By Alex Enemanna
Food is one of the most critical elements to the survival of any living creature. It is a very important factor to be contended with in human physiological and emotional well-being.
It was Abraham Maslow, an American psychologist and philosopher in his popular 1943 paper titled “A Theory of Human Motivation” that among air, water, shelter, sleep, clothing and reproduction classified food as the first line of the most pressing human wants in his five hierarchy of human needs.
Even among us today, there is always this palpable fear of uncertainty, loss of sense of esteem and tension when individuals or families are confronted with a situation in which sourcing for food poses a challenge. Of course the concomitant health and emotional, at advance stage, social effects cannot be undermined.
Paradoxically, with our massive arable lands put at 37.33% according to World Bank collection of development indicators 2014, sufficient availability of productive workforce, soil fertility, our dear country has since 1973 grappled with challenges of adequate production of food for domestic consumption for her citizens and for export for revenue generation. Not even several interventionist programs by the successive administrations, most of which were initiated by military government have helped in salvaging the ugly situation.
For instance, there were five agriculture policies in the period between 1972 and 1985. They include the National Accelerated Food Production Programme (NAFPP) 1972-1973, Operation Feed the Nation (OFN) 1976-1980, Green Revolution Programme (GRP) 1981-1983, Go Back to Land Programme 1983-1985, and A restoration of the elements of NAFPP after the military coup in 1985.
The policy goal of NAFPP was to make Nigeria self-sufficient in food production. Consequently, land reform and mass literacy policies were recommended for farmers.
Gen. Olusegun Obasanjo’s Operation Feed the Nation (OFN) of 1976 sought to increase local food production and thereby reduce imports. Under the program, citizens were encouraged to cultivate any empty plot of land, urban dwellers being encouraged to garden undeveloped building plots. Expectedly, this agenda could not wield the magic wand to lift the country from the oblivion of food insufficiency since the core focus was basically subsistence farming.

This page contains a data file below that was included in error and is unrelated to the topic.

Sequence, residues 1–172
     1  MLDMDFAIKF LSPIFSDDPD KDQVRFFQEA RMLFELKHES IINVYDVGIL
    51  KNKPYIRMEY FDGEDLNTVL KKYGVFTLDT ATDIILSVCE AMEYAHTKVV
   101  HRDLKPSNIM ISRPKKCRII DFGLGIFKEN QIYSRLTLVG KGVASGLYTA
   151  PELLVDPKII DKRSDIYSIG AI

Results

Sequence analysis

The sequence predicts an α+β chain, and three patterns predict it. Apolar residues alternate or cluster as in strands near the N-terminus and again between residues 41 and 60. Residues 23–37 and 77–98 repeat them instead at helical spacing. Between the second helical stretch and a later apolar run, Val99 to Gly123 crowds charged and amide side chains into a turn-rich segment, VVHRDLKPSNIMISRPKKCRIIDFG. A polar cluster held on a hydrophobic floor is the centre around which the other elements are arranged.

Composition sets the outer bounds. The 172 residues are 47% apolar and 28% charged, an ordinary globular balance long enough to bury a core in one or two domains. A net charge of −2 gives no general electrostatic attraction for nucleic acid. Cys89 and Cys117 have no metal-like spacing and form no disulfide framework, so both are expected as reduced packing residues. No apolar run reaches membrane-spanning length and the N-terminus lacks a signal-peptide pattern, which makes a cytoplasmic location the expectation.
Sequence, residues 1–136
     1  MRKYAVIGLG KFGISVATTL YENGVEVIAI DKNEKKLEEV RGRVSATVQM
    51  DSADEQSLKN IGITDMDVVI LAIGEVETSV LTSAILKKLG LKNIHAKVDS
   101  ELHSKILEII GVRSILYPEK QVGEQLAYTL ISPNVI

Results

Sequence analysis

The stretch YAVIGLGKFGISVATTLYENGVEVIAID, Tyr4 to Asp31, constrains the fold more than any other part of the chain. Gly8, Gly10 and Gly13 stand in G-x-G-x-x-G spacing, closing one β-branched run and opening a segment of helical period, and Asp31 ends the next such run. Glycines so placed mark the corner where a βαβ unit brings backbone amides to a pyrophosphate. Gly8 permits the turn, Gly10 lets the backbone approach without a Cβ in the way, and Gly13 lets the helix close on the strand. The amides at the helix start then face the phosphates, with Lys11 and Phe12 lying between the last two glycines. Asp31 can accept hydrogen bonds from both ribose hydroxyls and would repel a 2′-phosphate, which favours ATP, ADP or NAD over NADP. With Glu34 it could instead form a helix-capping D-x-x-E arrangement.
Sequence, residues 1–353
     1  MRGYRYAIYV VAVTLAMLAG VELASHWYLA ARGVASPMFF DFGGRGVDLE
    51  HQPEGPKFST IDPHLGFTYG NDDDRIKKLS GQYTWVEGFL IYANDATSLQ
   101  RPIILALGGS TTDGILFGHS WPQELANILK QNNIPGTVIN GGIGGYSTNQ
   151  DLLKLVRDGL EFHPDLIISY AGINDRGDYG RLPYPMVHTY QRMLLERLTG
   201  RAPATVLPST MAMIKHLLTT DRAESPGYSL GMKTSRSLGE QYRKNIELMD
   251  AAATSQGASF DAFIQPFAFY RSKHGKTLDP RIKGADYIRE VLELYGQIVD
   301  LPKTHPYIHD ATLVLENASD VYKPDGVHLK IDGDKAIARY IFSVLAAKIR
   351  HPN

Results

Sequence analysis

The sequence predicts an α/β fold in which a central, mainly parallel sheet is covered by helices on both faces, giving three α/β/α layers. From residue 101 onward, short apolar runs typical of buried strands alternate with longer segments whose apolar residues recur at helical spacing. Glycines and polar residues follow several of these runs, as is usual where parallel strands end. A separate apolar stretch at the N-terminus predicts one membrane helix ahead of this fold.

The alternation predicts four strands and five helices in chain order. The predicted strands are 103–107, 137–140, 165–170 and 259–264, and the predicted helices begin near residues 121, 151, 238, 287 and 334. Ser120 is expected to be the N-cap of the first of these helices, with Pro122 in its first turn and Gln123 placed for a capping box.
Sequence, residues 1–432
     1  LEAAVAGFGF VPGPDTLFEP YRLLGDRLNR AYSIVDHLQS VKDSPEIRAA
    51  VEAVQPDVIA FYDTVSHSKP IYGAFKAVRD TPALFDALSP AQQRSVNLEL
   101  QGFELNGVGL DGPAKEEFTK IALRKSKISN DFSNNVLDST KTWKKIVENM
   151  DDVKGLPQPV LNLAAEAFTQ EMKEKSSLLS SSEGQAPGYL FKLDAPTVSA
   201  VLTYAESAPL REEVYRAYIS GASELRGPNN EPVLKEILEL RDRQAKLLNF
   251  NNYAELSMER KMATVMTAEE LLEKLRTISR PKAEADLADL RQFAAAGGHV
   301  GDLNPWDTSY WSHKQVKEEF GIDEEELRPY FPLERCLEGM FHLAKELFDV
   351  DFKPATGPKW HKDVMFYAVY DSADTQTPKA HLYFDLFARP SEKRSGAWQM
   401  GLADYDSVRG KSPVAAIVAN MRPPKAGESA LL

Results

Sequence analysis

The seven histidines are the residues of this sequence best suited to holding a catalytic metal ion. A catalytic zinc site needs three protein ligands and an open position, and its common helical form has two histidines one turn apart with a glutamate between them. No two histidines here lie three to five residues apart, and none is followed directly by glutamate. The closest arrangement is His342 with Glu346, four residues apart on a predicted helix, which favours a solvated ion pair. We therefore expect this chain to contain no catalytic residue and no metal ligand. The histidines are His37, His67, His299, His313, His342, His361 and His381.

The return of democratic governance in 1999 has not brought any visible and significant change in the sector either. The popular Obasanjo Reform in key sectors of the economy, agriculture inclusive achieved a very minimal result and collapsed like a pack of cards just like many others. In 2011, the administration of President Jonathan launched an Agricultural Transformation Agenda which was managed by the Federal Ministry of Agriculture and Rural Development. The intended outcome of the agenda was to promote agriculture as a business, integrate the agricultural value chain and make agriculture a key driver of Nigeria’s economic growth.
The major reasons why these gigantic interventions could not see the ray of light cannot be extricated from obvious lack the inclusion of key stakeholders, weak agriculture development policies, short duration of agriculture development policies, inadequate monitoring and evaluation of programmes and of course lack of political will for incoming governments to carry on with the policies of the government they succeed, yet we are told government is a continuum.
Even with these steps, our dear country has continually been a matter of global concern in terms of right quantity of food and nutrients for our citizens. The legible indices of chronic hunger and acute shortage of food have continued to stare us at the face with audacious impunity. Citizens have simply resorted to faith and divine intervention as each day comes by.
Hardly is there an average Nigerian family today where hunger and glaring deficiency of stomach infrastructure (apologies to Fayose) does not have a well furnished accommodation in one corner of the house. Most affected is the Northern Nigeria, particularly Borno state where insecurity has reigned supreme over a decade.
According to the Borgen Project, in Borno State, 64.2 percent of households are food insecure. In late July of 2017, the federal government declared a state of food and nutrition emergency in the state. The report also said about 400,000 children in Adamawa, Borno and Yobe under 5 at risk of severe acute malnutrition in 2016.
Instructively, Borno case is a reflection of the larger picture across the country even though no emergency has been declared in their cases. From Anambra to Delta, to Kogi, Kwara and Rivers, the situation is not different. According to World Food Programme (WFP) Nigeria’s human development indicators are poor. The country experiences persistent poverty affects more than half the population, most severely in the Northeast and Northwest regions. Around 110 million in the total population of about 182 million Nigerians, representing over 60 percent of the total population, live below the poverty line. A 2018 report by Brookings Institution which placed Nigeria above India as the country with a higher number of poor people, making the giant of Africa and the 10th global oil producer the poverty capital of the world is a clear testimony to this claim.